This year’s Pride March and in-person celebrations may have been canceled due to the coronavirus pandemic, but the culmination of Pride weekend was marked by a magnificent rainbow over Brooklyn on Sunday night.
Earlier in the day, the Queer Liberation March from Lower Manhattan to the Stonewall Inn ended with a rally at Washington Square Park and evoked some of the memories of the Stonewall Riots, when police began arresting demonstrators.
Shortly after, an intense storm complete with thunder and lightening soaked the streets of New York City at around 7 p.m. on Sunday before the clouds cleared and a rainbow (from some vantage points a double rainbow) graced the skies. Check out some photos of the rainbow as seen from Greenpoint: Continue reading →
Pride 2020 looks nothing like years past, and yet, the month commemorating the Stonewall Uprising in June 1969 shares some similarities with its origins. Protests across the city and nation, standing up for and demanding equal rights for Black Americans are reminiscent of those 51 years ago in the West Village, led by Black trans folks, drag queens, and queer people of color.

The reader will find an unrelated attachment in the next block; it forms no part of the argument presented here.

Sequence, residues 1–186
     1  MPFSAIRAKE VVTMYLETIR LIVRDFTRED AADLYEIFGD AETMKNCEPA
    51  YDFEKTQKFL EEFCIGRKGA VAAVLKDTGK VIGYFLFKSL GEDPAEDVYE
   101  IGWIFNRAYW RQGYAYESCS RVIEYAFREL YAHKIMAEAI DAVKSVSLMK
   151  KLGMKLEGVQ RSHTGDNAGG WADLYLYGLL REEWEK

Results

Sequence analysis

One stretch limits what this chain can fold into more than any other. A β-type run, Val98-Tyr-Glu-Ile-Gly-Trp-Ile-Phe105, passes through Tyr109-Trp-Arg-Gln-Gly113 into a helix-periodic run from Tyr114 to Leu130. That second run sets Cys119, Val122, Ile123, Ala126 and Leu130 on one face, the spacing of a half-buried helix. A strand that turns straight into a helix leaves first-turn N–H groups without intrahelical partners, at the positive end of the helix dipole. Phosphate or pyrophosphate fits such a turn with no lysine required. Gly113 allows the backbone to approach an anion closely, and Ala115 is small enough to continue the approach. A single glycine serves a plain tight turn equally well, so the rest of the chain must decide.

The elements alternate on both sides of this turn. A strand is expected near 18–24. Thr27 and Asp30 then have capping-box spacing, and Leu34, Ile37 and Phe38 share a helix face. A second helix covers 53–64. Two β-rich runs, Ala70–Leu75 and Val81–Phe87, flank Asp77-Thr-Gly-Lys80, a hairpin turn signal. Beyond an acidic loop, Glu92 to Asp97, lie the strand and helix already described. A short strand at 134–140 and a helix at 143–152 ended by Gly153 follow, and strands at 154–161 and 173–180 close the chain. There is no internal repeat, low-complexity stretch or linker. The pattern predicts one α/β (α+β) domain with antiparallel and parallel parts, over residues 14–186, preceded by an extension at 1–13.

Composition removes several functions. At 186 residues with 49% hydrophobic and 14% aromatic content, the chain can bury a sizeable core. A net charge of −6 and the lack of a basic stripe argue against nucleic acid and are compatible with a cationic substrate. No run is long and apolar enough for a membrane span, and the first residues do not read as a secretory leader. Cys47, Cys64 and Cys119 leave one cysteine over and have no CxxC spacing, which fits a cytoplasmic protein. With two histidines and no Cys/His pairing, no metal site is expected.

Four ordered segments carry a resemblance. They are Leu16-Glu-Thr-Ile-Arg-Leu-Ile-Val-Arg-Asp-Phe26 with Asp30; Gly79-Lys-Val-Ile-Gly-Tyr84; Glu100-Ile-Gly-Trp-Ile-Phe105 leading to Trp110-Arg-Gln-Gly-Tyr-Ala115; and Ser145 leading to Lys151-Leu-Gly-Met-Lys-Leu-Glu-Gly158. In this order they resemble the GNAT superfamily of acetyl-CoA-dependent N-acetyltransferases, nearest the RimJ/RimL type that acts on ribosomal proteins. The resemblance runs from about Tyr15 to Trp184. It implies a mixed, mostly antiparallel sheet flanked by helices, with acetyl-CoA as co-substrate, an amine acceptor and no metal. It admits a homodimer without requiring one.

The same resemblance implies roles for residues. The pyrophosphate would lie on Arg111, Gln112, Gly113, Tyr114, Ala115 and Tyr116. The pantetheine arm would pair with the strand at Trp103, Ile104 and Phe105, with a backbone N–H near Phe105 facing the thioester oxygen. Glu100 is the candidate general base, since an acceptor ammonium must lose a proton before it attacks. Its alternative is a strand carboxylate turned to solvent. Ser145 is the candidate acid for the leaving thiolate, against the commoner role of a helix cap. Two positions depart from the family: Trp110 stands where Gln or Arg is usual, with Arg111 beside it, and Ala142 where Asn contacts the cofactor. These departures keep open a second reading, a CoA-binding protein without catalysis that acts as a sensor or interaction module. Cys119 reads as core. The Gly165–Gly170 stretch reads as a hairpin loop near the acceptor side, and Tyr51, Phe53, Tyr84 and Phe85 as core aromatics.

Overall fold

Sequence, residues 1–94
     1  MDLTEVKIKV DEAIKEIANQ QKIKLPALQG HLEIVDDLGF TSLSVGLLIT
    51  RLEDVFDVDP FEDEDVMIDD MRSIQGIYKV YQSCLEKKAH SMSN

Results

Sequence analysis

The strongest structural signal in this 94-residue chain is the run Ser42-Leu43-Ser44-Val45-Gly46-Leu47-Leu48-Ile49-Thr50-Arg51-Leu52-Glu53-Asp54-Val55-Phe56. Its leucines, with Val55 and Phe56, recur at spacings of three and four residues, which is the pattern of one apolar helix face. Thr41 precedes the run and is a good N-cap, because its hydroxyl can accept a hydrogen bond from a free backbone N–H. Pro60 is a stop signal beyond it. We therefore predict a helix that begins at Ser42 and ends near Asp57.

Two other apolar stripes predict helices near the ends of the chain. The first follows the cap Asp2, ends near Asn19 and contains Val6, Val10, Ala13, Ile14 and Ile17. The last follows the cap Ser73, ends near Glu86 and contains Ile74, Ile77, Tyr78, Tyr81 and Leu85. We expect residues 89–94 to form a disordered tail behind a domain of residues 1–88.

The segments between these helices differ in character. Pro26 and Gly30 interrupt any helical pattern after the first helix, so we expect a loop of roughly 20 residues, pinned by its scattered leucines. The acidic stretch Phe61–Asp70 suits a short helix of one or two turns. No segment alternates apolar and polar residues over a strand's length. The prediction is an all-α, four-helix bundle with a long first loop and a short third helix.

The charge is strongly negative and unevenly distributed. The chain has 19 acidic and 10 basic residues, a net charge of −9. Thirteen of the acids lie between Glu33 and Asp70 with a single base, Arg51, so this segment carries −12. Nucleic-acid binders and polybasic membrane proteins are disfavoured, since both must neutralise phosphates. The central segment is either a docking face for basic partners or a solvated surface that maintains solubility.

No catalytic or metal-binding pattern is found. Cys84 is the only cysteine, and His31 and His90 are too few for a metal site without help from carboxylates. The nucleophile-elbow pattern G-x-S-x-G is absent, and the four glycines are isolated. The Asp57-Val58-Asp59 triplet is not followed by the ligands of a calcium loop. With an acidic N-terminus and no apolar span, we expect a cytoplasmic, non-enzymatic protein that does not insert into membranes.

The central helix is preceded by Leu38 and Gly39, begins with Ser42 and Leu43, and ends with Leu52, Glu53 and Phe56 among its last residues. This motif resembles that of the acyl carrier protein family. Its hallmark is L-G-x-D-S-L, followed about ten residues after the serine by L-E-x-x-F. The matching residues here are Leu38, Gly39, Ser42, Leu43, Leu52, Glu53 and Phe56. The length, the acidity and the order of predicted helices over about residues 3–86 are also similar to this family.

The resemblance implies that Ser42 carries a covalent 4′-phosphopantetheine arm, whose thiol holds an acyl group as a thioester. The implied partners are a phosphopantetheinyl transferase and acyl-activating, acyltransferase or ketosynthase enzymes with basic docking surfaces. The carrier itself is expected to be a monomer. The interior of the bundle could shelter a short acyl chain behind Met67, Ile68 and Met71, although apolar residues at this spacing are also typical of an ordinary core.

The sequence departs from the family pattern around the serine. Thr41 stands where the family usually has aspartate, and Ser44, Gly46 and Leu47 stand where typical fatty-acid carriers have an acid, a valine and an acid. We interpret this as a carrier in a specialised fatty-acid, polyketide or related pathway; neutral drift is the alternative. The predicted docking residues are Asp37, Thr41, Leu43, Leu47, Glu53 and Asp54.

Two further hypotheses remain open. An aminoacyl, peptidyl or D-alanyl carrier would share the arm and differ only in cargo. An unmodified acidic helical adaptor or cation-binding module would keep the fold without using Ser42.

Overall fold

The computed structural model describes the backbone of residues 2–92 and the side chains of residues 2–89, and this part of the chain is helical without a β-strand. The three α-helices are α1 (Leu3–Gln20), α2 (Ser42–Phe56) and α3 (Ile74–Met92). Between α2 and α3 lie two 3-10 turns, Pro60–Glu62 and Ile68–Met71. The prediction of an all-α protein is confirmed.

On June 7th, get yourself over to Prospect Heights to pick up a Queer Soup Night special box from Meme’s Diner. The $12 package includes one pint of soup from MeMe’s Diner, a DIY soup pack from queer makers: Food + People, plus a special sweet treat. Donations are also accepted. Then, sign on from home on the evening of June 7th to enjoy soup as a community for a virtual Queer Soup Night.
Back for its second year, this antidote to the (now cancelled due to COVID-19) NYC Pride Parade brings people, not brands, to the streets. 2020’s rendition will take place on Sunday, June 28th, with a to be announced time and location, likely in Manhattan. The march will be focused on elevating and protecting Black Lives and calling for an end to police brutality.
A 21-year-old jumped off the Kent and N. 1st Street pier around 5am on Thursday and was immediately carried away by the current. Police are continuing to search the water for him. Although the East River often looks calm, it has deceivingly fast moving currents and swiftly changing tides that can push swimmers north at a rapid rate of approx. 1.5 nautical mph.
The recent White Lung show at St. Vitus witnessed a pretty epic mosh pit, complete with beer throwing, flower smashing, and some “undirected air punches” from the crowd.